### Improving Search Engines via Classification

, 2011

"... This thesis is the result of my own work, except where explicitly acknowledge in the text. ..."

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This thesis is the result of my own work, except where explicitly acknowledge in the text.

### Statistical Equivalent Models for Computer Simulators with an Application to the Random Waypoint Mobility Model Kumar Viswanath

"... Statistical Equivalent Models, or SEMs, have recently been proposed as a general approach to study computer simulators. By fitting a statistical model to the simulator’s output, SEMs provide an efficient way to quickly explore the simulator’s result. In this paper, we develop a SEM for random waypoi ..."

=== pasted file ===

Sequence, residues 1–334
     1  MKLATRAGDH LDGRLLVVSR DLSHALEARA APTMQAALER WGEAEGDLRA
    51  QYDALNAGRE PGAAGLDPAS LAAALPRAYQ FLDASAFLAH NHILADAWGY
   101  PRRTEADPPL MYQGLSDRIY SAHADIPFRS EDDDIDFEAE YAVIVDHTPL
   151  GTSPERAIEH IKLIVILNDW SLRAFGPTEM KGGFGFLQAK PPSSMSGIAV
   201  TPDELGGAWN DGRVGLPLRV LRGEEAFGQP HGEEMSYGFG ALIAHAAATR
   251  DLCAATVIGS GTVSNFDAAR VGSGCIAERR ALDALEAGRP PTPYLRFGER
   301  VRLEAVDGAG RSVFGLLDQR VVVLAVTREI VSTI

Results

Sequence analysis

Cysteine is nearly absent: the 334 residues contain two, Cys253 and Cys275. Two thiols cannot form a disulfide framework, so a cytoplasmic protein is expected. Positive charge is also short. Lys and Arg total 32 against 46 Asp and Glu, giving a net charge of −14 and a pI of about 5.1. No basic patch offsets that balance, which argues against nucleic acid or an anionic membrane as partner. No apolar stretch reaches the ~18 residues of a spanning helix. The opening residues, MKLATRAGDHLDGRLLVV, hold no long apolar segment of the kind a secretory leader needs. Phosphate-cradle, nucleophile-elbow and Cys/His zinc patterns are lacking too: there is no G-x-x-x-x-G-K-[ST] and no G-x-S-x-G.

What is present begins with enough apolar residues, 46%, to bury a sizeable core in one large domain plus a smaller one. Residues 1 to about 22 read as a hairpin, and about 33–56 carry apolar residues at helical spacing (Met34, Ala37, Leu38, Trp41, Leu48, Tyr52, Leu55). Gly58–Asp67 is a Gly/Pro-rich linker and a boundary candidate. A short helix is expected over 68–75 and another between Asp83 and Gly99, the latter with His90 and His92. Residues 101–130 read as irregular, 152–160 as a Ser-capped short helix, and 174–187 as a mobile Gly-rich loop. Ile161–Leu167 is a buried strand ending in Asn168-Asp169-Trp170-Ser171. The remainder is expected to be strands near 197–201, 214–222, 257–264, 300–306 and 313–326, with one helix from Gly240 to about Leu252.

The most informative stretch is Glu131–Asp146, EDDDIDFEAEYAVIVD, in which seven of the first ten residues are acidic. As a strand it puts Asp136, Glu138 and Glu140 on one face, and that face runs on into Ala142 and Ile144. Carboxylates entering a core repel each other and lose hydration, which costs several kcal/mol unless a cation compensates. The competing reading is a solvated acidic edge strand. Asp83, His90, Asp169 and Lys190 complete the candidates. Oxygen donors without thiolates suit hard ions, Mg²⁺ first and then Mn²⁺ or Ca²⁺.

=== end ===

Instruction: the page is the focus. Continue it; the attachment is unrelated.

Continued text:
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Statistical Equivalent Models, or SEMs, have recently been proposed as a general approach to study computer simulators. By fitting a statistical model to the simulator’s output, SEMs provide an efficient way to quickly explore the simulator’s result. In this paper, we develop a SEM for random waypoint mobility, one of the most widely used mobility models employed by network simulators in the evaluation of communication protocols for wireless multi-hop ad hoc networks (MANETs). We chose the random waypoint mobility model as a case study of SEMs due to recent results pointing out some serious drawbacks of the model (e.g., [1]). In particular, these studies show that, under the random waypoint mobility regime, average node speed tends to zero in steady state. They also show that average node speed varies considerably from the expected average value for the time scales under consideration in most simulation analysis. In order to investigate further the behavior of the random waypoint model, we developed a SEM that captured speed decay over time under random waypoint mobility using maximum speed and terrain size as input parameters. A Bayesian approach to model fitting was employed to capture the uncertainty due to unknown parameters of the statistical model. The SEM is given by the posterior predictive distributions of the average node speed as a function of time. A direct result from our model is that, by characterizing average node